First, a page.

It also helps prevent the ceiling from vibrating, making MLV an excellent material for soundproofing against low-frequency sounds such as bass from a powerful sound system or even footsteps from an upstairs neighbor.

Acoustic Panels

Acoustic panels have a pretty simple but essential soundproofing mechanism. Made of specially formulated foam, these panels work by absorbing sound waves to prevent echoing and reverberation within a room.

This helps clarify speech and minimize the general noise, making acoustic panels a must-have for your ceiling soundproofing project.

Of course, there’s a lot of physics involved in the sound absorption process, but we won’t burden you with the details. For the sake of keeping things simple, think of these panels as acoustic black holes that sound goes in and never comes out again.

Drywall

When soundproofing a ceiling, one of the main goals is to minimize sound-caused vibration by getting rid of gaps within its structure. If your ceiling can’t vibrate, it won’t transmit sound, and the result will be a quieter home.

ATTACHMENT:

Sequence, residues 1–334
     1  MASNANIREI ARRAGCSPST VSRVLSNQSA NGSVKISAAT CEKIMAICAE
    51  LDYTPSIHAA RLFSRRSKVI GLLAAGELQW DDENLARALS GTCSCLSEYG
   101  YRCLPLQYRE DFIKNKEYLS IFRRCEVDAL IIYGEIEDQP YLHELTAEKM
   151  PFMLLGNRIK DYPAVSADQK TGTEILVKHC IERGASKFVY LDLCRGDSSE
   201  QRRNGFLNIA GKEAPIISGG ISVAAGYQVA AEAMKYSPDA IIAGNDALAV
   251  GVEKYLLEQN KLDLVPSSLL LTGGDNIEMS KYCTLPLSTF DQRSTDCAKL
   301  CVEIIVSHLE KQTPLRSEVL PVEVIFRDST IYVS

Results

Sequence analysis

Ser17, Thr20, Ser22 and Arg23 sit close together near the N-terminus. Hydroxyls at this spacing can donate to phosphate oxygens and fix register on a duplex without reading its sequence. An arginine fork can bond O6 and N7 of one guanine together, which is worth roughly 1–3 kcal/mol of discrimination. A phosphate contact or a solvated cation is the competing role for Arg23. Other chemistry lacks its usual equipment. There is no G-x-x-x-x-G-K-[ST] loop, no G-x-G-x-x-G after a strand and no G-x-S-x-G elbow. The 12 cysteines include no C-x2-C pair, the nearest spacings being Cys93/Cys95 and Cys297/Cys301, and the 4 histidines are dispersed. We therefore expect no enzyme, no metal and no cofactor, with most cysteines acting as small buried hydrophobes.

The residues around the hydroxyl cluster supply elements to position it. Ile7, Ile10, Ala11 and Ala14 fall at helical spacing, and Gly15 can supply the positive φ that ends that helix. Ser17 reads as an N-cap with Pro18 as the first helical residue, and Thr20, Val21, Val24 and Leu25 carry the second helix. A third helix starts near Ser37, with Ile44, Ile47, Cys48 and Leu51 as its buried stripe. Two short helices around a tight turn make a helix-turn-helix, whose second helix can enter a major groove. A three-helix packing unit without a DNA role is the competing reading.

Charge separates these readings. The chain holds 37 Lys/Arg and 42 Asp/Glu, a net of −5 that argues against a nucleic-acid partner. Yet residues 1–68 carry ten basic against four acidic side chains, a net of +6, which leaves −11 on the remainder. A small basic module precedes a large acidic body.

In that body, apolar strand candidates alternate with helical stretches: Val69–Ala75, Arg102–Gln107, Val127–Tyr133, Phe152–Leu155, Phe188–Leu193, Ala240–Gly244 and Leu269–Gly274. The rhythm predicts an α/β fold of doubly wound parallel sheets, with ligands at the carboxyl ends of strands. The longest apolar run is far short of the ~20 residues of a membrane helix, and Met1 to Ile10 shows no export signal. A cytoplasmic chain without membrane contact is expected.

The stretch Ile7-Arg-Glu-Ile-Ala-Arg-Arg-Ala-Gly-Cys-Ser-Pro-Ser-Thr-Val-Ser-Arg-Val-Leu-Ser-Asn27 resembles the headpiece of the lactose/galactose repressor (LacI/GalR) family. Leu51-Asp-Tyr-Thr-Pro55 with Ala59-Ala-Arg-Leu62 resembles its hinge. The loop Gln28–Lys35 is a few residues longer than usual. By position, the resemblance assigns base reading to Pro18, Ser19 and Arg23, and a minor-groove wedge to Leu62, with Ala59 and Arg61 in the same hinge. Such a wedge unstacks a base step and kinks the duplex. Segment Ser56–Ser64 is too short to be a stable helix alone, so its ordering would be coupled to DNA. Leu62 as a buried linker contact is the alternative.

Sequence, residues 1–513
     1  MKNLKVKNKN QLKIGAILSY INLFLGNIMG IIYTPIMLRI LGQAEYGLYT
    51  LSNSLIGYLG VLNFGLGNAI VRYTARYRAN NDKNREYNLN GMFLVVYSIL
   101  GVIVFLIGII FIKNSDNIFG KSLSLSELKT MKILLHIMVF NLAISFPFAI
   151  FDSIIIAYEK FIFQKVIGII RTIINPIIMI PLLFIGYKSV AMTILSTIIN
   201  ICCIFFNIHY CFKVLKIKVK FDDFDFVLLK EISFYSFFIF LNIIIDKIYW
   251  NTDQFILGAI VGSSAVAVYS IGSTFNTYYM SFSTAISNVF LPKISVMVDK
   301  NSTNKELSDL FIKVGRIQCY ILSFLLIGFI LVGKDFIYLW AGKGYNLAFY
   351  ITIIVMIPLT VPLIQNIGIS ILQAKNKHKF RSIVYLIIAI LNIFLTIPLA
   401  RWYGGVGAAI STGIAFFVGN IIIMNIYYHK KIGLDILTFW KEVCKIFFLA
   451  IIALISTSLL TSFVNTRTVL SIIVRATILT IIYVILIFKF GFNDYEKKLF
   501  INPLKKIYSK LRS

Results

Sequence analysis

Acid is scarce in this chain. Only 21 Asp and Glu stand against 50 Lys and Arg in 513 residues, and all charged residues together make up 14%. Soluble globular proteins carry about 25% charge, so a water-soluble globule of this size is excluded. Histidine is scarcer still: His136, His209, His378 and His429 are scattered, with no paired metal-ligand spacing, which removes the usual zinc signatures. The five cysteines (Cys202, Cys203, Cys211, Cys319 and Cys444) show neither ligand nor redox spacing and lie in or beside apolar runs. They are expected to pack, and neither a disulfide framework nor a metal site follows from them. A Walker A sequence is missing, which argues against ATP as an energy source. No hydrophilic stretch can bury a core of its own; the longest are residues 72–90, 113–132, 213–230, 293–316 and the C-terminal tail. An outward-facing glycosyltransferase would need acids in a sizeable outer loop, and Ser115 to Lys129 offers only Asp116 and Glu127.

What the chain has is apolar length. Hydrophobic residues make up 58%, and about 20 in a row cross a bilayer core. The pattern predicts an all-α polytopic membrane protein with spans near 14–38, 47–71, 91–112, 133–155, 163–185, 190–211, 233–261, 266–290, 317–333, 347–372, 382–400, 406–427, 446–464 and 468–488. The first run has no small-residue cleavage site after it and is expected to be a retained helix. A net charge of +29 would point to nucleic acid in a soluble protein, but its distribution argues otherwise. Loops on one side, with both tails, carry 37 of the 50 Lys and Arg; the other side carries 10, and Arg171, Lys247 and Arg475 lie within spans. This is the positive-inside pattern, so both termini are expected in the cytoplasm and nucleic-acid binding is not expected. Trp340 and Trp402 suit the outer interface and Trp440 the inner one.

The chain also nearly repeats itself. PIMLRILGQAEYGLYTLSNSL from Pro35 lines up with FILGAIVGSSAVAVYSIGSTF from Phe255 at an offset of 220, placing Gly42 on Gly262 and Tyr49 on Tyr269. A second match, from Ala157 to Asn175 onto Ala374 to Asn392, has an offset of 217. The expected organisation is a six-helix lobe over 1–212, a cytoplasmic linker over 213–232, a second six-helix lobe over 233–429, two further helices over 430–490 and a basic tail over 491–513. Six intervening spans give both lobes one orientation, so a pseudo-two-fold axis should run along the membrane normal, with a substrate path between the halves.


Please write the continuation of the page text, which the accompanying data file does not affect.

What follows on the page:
To get rid of gaps, you’ll need to remove your ceiling and fill the space between the joists with layers of drywall (also known as gypsum board).

According to Ghonsla’s technical specification sheet (which you can also use to check the technical specs of other insulation materials, by the way), drywall has a high density of about 530 Kg/m3.

Such a high density makes drywall great at blocking sound by preventing vibration, and adding it to your ceiling can enhance its ability to keep overhead noise at bay.

Acoustic Paint

This type of water-based paint comes formulated with a mixture of ceramic microspheres and fillers that trap sound. In other words, acoustic paint absorbs sound to prevent echoing and reverberation within a room.

If you choose to use acoustic paint in your ceiling soundproofing project, be sure to apply several coats for maximum sound absorption.

Resilient Channels